– Project types: Embedded software, OS
– Contract types: contract programming, full ownership
• Reduce cultural distance:
– Locals on-site (75/25 rule), staff who bridge cultures, common processes and work
environment, personnel exchange, culture liaison etc.
• Reduce temporal distance by communication means.
• Recognize limits and learn from the other part.
– Reflect and share knowledge.
Relationships in IT outsourcing- FORT or Four Outsourcing Relation Types
Reliance: cost reduction, outcome-based, formal
procedures to monitor vendor.
Alliance: strategic partnership, common objectives
and informal comm. channels of importance.
Support: lowest set-up cost, out-come based,
multiple bidding process.
Alignment: high-impact IS services, gain expertise,
should integrate the new system with existing ones
and provide in-house personnel for this, mostly
dynamic and high-risk projects.
Alt.2: Transfer by functionality
Melvin Conway: a (software) product’s structure reflects the organizational structure of the company
that produced it.
David Parnas: software modularity should reflect the division of labor.
Solutions: systems or subsystems, horizontal layers or chunks of related functionality (Mockus).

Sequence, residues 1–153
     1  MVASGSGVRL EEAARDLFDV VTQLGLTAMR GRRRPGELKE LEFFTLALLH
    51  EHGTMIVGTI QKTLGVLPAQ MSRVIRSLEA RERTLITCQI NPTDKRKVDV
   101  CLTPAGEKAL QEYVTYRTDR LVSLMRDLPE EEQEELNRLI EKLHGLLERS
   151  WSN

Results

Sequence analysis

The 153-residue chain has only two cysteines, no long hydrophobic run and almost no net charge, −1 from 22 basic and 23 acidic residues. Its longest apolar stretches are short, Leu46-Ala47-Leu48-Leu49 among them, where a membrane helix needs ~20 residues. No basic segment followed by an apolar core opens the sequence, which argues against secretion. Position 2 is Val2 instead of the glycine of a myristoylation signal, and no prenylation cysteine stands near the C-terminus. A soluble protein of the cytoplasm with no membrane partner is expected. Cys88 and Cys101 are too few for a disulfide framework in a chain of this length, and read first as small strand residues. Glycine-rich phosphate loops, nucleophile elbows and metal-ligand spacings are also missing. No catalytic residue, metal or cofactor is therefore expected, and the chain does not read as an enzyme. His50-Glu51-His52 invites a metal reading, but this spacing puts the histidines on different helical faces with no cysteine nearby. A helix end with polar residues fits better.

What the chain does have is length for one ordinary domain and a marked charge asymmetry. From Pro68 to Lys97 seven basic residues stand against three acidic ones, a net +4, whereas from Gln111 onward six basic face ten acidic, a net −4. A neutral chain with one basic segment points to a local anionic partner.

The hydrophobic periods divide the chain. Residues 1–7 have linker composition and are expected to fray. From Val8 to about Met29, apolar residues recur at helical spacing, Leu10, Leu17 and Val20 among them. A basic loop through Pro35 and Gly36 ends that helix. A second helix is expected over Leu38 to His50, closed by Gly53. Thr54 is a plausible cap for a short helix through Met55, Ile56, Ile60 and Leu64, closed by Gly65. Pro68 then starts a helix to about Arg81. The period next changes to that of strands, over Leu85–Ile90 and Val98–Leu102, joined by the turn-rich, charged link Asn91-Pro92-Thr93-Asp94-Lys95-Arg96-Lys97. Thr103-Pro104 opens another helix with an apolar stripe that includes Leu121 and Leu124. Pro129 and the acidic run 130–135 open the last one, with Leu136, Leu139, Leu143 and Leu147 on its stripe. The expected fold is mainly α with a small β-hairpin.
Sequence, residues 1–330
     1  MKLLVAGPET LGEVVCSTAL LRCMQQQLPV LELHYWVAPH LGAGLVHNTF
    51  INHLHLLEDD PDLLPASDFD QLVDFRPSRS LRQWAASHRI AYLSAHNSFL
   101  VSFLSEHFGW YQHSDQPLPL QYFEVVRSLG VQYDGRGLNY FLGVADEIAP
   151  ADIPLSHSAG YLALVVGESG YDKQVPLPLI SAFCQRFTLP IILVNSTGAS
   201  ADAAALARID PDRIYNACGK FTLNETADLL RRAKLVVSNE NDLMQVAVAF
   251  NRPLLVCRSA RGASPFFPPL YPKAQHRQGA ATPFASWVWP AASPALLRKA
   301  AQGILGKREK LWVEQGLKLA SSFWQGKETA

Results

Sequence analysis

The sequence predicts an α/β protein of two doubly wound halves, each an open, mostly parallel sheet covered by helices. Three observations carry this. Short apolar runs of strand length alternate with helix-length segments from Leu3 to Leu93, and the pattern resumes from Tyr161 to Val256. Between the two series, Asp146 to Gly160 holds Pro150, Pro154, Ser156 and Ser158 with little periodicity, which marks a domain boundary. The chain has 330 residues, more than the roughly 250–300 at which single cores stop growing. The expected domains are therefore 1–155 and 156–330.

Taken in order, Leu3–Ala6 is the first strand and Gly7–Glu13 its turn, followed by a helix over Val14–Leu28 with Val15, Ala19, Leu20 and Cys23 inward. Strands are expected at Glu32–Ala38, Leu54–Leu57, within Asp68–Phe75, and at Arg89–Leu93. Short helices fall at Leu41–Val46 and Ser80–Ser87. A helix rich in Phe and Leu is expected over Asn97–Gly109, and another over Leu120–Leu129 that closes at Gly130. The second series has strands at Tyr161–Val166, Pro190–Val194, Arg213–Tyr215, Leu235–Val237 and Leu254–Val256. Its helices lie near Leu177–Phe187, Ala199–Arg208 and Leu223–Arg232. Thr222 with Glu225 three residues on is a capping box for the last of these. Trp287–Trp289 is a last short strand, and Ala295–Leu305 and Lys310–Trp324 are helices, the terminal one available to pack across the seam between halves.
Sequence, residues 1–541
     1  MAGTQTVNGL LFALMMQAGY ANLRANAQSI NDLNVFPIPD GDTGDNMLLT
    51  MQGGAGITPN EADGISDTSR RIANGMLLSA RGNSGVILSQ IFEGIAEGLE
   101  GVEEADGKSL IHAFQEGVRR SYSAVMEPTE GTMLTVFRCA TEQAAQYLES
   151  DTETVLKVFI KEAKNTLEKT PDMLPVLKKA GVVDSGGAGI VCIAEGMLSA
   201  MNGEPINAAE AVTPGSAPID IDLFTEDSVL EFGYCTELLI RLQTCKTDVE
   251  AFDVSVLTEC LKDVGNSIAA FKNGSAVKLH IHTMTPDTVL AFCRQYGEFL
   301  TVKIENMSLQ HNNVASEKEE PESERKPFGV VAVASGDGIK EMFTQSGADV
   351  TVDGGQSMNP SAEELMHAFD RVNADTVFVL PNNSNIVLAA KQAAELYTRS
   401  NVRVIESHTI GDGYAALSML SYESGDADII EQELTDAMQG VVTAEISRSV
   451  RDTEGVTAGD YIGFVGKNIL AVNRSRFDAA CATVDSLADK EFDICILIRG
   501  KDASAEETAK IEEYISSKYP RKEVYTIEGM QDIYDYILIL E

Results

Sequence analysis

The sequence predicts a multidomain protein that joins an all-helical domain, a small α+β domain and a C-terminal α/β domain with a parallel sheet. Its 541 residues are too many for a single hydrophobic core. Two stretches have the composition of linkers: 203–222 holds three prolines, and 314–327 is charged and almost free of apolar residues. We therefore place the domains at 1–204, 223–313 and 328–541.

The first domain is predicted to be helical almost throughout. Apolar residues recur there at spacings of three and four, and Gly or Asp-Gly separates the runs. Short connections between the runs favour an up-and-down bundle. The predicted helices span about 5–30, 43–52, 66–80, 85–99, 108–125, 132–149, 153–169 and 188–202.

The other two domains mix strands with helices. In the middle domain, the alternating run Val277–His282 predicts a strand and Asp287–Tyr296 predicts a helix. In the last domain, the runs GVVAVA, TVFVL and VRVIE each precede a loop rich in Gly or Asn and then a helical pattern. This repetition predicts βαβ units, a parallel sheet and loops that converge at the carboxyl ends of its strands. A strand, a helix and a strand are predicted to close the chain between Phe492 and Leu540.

Requires independent units of development.
Alt.3: Transfer by localization
Alt.4: Product line approach
Independent architectural units that do not need customization are developed by collocated teams.
Development of big chunks that need customization is replicated in several locations. (Elbert 2001 on
Alcatel, Ericsson).
Common for all: Incremental approach
to facilitate communication and highlight ambiguities.
Other challenges in intra-org. and inter-org. global development
• Organizational models: local managers at each site (with common visions).
• Risk management, both at organizational level and project level.
• New roles (e.g. management) and changed roles (interfacing vendor).
• Pricing:
– Fixed or dynamic tied to effectiveness measures for low-risk projects,
– Time and material for high-risk projects,
– Maintenance in-house or external.
• Adapting software processes.
• Tools.